Fear of dentistry or going to the dentist isn’t uncommon. As much as 25 percent of the world’s population is dealing with some form of dental phobia or jitters. Whether you just get a bit nervous about having your teeth cleaned or feel an all-out fear at the thought of seeing a dentist, one thing is for sure: avoiding your dentist’s office isn’t the best option.
When you don’t see your dentist regularly, not only are you at an increased risk for cavities and decay, you’re also at an increased risk for gum disease and complications related to it. How you cope with your dental jitters depends on how severe they are.
Bring Something Soothing or Entertaining
Getting your mind off of the fact that you’re actually at the dentist’s can help you feel a bit more at ease. People don’t say that “time flies when you’re having fun” for no reason. If you’ve got music, a movie or a book to distract you, you might not even realize that a dentist is poking around in your mouth.
Classical music can be particularly soothing when you’re in the dentist’s chair. Some people also enjoy listening to an audiobook or flipping through a magazine. Keep in mind that it’s a good idea to check with your dentist first about wearing headphones in the office. Some dentists might not mind, but some find that the headphones make it difficult for them to communicate with you. A dentist who might not want you to wear headphones during your visit might be willing to let you play music over a small set of speakers. It never hurts to ask.
Don’t Arrive Too Early
The early bird might usually get the worm, and your dentist might expect you to be on time for your appointment, but don’t arrive more than a few minutes early. If you’re very early, you’ll end up sitting in the waiting room, and your nerves and anticipation about the visit will only increase.
Instead, see if you can fill out any paperwork in advance, and try to get to the dentist’s office as close to your appointment time as possible. That way, you won’t be sitting and worrying in the waiting room.
Take Deep Breaths
Yoga breathing, which involves inhaling deeply through the nose and exhaling slowly through the mouth, can help calm you down. You might want to try taking deep breaths if you start to feel anxiety about your dental appointment increasing. When breathing, place a hand on your abdomen, so that you can feel yourself taking in air. Inhale for several seconds, feeling your abdominal area swell. Exhale for about twice as long as you inhaled, feeling your abdominal area contract. Repeat about 10 times, or until you feel calmer. You’ll most likely notice that your heart rate has slowed and that you feel more at ease.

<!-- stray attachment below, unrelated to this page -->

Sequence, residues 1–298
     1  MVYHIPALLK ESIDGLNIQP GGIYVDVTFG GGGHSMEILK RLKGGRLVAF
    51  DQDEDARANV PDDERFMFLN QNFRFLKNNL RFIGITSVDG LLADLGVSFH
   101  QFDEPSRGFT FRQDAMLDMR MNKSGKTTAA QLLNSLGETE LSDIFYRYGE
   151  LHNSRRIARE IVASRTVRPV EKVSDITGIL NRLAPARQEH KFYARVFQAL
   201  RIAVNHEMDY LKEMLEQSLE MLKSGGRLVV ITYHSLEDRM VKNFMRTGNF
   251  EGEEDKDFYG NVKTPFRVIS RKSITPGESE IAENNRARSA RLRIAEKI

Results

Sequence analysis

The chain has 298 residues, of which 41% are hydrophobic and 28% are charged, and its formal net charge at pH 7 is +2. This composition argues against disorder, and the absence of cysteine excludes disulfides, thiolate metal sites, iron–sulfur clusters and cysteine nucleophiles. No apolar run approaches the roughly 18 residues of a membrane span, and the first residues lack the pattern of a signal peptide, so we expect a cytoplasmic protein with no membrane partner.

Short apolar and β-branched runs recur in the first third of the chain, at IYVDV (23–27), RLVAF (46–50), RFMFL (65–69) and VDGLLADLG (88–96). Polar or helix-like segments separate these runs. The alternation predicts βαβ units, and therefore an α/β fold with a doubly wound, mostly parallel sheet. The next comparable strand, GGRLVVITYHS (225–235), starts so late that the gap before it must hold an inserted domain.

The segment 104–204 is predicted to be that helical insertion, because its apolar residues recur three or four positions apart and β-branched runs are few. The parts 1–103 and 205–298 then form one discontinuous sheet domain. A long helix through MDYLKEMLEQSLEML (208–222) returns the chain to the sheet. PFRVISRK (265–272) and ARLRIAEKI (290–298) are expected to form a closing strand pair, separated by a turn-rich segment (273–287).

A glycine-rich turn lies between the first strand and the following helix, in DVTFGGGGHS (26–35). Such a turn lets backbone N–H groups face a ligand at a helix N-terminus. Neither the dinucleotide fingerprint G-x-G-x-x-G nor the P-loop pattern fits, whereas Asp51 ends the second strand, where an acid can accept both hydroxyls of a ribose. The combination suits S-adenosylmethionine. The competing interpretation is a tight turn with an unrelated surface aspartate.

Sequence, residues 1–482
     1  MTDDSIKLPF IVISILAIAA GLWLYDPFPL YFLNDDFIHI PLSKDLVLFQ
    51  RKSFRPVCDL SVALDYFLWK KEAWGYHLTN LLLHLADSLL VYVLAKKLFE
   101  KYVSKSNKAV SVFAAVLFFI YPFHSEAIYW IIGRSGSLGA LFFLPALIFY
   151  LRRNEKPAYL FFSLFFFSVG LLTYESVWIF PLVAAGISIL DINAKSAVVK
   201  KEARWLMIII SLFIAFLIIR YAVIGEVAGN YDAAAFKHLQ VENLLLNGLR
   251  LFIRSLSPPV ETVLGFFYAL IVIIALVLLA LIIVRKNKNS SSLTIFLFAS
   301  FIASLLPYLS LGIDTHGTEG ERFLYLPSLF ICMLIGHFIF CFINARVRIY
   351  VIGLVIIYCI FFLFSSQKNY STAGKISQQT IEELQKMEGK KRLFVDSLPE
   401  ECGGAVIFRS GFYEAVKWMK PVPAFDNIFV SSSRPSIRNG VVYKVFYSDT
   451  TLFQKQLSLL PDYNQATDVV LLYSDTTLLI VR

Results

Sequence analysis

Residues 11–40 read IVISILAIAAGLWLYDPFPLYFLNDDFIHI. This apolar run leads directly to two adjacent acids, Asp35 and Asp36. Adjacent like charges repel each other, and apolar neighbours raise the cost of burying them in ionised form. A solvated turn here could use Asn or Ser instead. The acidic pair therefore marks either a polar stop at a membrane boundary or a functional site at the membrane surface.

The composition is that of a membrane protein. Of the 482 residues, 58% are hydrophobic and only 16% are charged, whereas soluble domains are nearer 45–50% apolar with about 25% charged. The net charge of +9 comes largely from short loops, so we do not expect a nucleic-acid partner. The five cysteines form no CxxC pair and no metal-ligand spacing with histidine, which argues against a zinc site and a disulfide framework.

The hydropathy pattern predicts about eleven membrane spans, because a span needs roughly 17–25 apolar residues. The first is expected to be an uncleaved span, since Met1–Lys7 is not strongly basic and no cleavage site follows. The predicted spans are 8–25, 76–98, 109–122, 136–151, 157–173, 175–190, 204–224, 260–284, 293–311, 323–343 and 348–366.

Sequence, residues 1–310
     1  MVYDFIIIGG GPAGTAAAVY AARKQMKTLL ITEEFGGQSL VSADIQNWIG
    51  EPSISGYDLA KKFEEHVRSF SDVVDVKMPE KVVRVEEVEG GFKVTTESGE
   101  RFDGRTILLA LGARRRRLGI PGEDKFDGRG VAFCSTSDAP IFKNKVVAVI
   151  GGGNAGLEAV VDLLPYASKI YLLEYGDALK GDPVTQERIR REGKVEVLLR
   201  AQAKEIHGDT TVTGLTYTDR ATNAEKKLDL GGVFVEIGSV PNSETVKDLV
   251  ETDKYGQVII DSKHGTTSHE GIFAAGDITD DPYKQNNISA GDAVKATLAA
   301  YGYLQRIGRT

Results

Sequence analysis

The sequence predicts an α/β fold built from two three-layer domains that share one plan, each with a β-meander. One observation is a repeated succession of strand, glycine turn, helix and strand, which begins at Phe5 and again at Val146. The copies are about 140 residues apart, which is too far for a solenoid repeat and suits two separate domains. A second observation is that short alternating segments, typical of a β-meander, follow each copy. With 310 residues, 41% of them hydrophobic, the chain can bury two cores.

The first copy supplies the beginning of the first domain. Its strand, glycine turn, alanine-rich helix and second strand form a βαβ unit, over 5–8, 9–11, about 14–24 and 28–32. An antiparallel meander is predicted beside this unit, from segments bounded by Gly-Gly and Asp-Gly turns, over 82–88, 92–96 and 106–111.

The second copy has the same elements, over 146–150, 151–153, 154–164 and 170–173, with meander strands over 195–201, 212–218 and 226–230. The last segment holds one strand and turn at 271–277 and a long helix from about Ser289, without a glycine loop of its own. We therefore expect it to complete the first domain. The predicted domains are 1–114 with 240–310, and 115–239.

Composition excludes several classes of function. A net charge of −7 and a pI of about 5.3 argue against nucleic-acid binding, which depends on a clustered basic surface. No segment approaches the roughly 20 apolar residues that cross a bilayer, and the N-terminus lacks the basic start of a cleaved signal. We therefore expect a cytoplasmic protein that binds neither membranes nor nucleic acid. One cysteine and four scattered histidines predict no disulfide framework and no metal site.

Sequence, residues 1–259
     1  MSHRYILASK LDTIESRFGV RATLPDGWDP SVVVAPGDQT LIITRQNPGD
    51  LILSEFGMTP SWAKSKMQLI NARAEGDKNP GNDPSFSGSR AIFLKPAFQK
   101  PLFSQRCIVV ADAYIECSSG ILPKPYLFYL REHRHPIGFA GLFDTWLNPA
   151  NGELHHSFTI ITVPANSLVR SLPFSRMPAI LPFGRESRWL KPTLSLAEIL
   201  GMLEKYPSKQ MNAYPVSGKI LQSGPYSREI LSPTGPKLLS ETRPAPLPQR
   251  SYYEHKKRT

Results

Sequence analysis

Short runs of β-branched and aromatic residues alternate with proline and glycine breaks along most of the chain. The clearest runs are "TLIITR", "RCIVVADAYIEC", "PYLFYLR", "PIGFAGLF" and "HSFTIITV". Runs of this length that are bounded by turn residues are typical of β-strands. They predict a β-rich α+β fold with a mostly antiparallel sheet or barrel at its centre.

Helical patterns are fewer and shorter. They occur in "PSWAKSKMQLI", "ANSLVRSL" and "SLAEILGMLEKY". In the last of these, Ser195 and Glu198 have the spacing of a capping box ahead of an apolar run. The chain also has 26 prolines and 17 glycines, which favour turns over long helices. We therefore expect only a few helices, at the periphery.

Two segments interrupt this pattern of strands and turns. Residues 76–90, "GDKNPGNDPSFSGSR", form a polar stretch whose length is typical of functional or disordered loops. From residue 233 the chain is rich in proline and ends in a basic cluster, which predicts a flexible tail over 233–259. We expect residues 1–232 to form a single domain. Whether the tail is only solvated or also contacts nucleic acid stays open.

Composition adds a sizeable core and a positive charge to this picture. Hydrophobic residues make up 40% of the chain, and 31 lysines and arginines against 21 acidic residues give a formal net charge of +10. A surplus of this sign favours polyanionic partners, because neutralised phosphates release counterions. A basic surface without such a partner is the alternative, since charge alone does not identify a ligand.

Talk to the Dentist First
Your dentist is likely to be as concerned about your mental health and wellbeing as he is about the health of your teeth. Speaking with a dentist before any actual appointment or treatment can help put your mind at ease and help you overcome your jitters.
Ideally, your chat will take place in the dentist’s office, not with you sitting in the dentist’s chair. During the consultation, ask the dentist anything you want about dental care and treatments, and about what you can expect. A dentist should give you a fair idea of what to expect during a visit, whether it’s just a check-up or to treat a concern such as gum disease. If you feel comfortable, you can share your reasons for feeling anxious with the dentist. For example, some people are dealing with dental fear because they had a particularly unpleasant tooth extraction as a child. Others might feel worry about the sounds made by the drills or at the sight of a needle.
No matter the reason for your fear of dentistry, one thing that often helps is to put together plan with your dentist. For example, your dentist might agree to let you take breaks throughout treatment or go out of his way to explain the next step in the treatment process, so that you understand what is going on and feel less threatened.
Consider Sedation Dentistry
Sedation dentistry might not be a cure for your dental fears or anxieties. But, it can be a helpful tool when it comes to getting you into the treatment chair and getting you the dental care you need. Sedation ranges from using nitrous oxide (aka “laughing gas”) to help you relax, to IV conscious sedation. With conscious sedation, you’re not completely under, but will most likely not remember much about your treatment.
If you are interested in learning more about how to overcome your fear of dentistry and whether sedation is a good option for you, talk to Dr. John Paul Gallardo and Dr. William Lamas, periodontists in Miami, Florida. The periodontists offer sedation dentistry at their practice. They are also happy to discuss each procedure in depth, and provide advice and pointers to help minimize your dental anxiety. Call (305) 447-1447 to schedule a consultation today.